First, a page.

Home Office and Meal Vouchers
Although home office existed before, only mandated lockdowns during the Covid pandemic made it popular. Employers have found that working from home works well and home office is now a very popular benefit in the Czech Republic.
The legislation has not yet been adjusted to the new situation, although there have been efforts to regulate home office more precisely. The Czech Labour Code contains only very few provisions regulating the performance of work from home. The current regulation is completely insufficient and employers should negotiate the conditions of home office with their employees in employment agreements.
So, what should employers keep in mind when adjusting to home office?
First of all, it is necessary to think about the extent to which work from home should be carried out. It is, of course, possible to combine work at the employer’s workplace with work from home; scope and ratio should be agreed with the employee. The agreement should also include a provision that allows the employer to terminate the possibility to work from home if, for example, the employer is not satisfied with the employee’s performance. The Labour Code does not contain any conditions for termination of home office.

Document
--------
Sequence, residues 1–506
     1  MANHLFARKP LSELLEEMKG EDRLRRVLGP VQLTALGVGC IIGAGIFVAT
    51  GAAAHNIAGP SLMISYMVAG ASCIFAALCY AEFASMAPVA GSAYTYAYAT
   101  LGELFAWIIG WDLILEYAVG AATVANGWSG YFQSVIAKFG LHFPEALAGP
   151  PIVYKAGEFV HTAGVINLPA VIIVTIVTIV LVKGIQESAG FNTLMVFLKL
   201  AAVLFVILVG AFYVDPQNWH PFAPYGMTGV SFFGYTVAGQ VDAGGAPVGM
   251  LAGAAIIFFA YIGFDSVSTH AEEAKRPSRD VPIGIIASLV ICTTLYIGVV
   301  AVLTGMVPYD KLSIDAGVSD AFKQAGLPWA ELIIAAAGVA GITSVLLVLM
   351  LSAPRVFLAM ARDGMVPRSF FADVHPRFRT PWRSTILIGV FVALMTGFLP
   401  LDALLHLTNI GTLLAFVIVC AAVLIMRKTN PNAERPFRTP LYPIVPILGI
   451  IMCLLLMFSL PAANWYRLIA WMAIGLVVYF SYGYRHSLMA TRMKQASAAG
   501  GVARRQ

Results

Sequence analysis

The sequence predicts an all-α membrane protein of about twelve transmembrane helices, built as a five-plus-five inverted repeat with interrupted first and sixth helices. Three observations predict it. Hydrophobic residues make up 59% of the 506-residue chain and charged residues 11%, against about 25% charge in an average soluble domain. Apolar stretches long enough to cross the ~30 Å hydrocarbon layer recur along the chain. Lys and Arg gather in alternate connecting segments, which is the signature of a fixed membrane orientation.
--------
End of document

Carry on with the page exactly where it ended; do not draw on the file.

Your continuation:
If the employee lives in a city other than the employer’s workplace, home office will result in a change of the work location. For this reason, the home office agreement must be in writing.
Another point that should be regulated between the parties is whether, in the case of home office, the employee will schedule their own working hours or whether the employer will schedule them. This is a very crucial issue which affects tax advantages of providing meal vouchers. If the employee schedules their own working hours, they are not, for example, entitled to overtime or additional payments for working on public holidays. On the other hand, the employer cannot require the employee to be available at specific times. In this case, the employee does not have a stipulated shift and therefore the provision of meal vouchers loses its tax advantage. In contrast, if the employer requires the employee to be available at certain times, the tax advantage of the meal vouchers is preserved.
The last essential area that should be covered in the home office agreement is health and safety at work and reimbursement of costs incurred by the employee in working from home. A declaration that no costs have been incurred in connection with working from home is advisable. It is important to note that the employer is fully liable for the fulfilment of all its obligations in the area of occupational safety and health even when the employee works from home. How this can be achieved remains rather opaque.
Mgr. Dagmar Junková